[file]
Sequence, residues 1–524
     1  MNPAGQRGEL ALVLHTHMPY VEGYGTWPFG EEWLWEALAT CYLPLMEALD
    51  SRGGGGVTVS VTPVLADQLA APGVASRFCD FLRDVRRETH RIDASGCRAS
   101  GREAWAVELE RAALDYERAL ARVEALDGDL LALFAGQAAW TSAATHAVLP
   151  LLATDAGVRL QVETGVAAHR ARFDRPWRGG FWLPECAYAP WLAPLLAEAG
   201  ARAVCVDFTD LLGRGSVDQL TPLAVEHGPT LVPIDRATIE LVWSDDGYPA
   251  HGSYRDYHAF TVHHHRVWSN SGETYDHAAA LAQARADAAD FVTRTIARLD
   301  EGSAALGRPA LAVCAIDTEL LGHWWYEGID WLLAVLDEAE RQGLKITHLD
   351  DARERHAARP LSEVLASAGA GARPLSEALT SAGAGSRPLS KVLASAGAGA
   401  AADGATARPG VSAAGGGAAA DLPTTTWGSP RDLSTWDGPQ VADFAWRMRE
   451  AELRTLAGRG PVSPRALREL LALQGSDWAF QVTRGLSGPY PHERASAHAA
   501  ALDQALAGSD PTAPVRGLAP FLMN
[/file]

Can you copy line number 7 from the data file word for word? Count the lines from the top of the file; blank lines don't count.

   251  HGSYRDYHAF TVHHHRVWSN SGETYDHAAA LAQARADAAD FVTRTIARLD